Sports moving to Pay TV will disappear from the view of fans and marketers, researchers warn

Australian sports which have moved from free-to-air TV to subscription TV are disappearing from the view of fans and sponsors, eroding their ability to grow in a world where they are competing for the attention of audiences against the likes of Netflix and Stan, the audience at Mumbrella’s Sports Marketing Summit has heard.

Alasdair Johnston and Alex Sweeney warned sports lose public awareness when they leave free-to-air TV

Alex Sweeney, director of Clarity Strategic Research, said there were already examples of sports beginning to suffer after choosing the pay TV route, saying that such a move was excluding 70% of the potential audience.

“Any sport that automatically excludes 70% of the population is thought to be making maybe a risky decision,” Sweeney said.

“It’s interesting during the course of discussions how certain sports which have either not been present on free-to-air, or have reduced visibility on free-to-air are actually notable and conspicuous by their absence in (public) discussions.”

He highlighted Super Rugby and Supercars as examples of sports that were beginning to lose share of mind as they slipped behind pay walls.

“We kind of value the present- discussion and people who are watching Super Rugby, V8 Supercars, most of them petrol heads, but most of their V8 watching was waning and I don’t think it is a coincidence that those are the two sports that are less visible now on free-to-air than they have been for a long time.”

Supercars is losing water cooler moments with reduced free-to-air coverage, according to today’s session

He said that free-to-air remained the way to generate the water cooler moments that marketer’s coveted and people were also wary of their favourite sports being taken off free-to-air if anti-siphoning rules were relaxed under the proposed media reforms.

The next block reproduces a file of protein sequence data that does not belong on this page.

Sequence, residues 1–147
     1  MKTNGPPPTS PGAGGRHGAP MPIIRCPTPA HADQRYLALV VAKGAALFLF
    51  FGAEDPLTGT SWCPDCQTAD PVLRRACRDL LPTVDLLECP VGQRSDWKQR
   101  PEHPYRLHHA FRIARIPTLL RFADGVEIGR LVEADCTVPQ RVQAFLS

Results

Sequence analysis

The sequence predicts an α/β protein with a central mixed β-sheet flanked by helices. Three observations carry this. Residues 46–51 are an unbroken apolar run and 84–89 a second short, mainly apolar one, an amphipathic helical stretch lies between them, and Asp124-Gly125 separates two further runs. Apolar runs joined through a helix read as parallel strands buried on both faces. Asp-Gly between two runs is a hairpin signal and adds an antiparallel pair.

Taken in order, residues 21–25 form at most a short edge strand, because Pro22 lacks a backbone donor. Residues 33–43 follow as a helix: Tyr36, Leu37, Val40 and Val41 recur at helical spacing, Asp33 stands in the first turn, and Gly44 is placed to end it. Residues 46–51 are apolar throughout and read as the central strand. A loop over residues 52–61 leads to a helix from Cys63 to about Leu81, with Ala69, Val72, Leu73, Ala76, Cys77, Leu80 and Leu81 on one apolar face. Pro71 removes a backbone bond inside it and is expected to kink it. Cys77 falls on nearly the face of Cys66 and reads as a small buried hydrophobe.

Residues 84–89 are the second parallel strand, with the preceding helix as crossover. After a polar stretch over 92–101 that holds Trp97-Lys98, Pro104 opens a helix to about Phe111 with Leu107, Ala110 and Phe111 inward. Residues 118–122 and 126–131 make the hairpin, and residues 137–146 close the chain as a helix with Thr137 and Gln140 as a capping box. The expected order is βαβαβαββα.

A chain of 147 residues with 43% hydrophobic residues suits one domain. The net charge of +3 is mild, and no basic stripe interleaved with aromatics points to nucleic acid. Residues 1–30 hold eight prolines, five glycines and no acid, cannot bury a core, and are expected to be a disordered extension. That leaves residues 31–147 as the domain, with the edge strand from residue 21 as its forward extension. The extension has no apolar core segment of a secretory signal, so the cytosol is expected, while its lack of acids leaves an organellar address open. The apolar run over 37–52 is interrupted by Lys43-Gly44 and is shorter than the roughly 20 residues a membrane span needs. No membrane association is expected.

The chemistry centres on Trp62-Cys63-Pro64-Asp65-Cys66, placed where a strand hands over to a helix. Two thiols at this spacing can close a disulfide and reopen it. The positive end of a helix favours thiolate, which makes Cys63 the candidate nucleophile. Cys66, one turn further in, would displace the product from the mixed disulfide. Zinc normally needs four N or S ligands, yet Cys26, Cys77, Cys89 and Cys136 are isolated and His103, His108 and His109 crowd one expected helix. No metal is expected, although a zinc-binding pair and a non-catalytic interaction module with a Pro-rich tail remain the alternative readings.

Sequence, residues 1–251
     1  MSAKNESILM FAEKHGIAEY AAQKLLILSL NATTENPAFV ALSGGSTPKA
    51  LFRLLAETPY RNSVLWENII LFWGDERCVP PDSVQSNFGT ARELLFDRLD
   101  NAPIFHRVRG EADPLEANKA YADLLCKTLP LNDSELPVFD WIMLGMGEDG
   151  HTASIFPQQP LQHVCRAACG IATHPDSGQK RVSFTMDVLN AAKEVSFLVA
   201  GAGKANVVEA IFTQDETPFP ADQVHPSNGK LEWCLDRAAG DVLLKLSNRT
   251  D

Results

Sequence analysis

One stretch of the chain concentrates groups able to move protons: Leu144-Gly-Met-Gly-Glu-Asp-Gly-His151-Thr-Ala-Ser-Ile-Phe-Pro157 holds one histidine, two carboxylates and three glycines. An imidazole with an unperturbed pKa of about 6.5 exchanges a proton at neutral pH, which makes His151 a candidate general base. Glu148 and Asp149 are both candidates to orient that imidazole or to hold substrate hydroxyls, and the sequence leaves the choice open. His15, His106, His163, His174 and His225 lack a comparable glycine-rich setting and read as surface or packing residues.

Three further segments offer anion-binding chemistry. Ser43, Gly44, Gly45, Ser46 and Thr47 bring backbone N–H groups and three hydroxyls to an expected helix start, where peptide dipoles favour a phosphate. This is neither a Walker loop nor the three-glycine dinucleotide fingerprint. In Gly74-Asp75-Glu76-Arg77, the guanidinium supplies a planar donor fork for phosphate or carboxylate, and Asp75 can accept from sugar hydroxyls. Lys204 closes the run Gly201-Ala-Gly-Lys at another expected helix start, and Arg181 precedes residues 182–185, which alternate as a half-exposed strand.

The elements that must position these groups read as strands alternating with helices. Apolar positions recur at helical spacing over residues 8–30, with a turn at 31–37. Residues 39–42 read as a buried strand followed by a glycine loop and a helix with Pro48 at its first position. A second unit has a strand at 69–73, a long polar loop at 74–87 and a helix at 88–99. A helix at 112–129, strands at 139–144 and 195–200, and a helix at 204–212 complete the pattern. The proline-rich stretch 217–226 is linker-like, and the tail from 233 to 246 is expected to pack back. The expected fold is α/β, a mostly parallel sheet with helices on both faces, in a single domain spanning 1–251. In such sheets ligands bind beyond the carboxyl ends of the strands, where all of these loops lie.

“A lot of people are wary of sports being taken away progressively from free-to-air TV,” Sweeney said.

“And they are that savvy, they are able to see that surely a sport, if it can afford to, would want to be on free-to-air TV. It’s the best way to broaden the reach, it’s the best way to generate a water cooler moment by having a number of people actually involved in your particular sport.”

Clarity director Alasdair Johnston said if sports were targeted by Pay TV under new freedoms to access more sports as a result of changes to anti-siphoning rules, it would have an impact on their profile.

“I think the big thing to talk about is the talkability and viewability of individual sports in those water cooler moments, and as sports move away from the public consciousness and public display it’s hard to see how it can’t have some form of impact,” Johnston said.

Cricket is one sport fans have raised concerns about, fearing it could become a target under the new laws.

He also said that there was still a widely held view that the idea of sport on Pay TV was “unfair” and that the Australian spirit of a fair go meant many people felt sport should be available freely.

There were also concerns for Cricket Australia after suggestions it would no longer run on free to air earlier this year.

The success of the Big Bash League has also been credited to its move to free-to-air on Ten after its debut on Pay TV.


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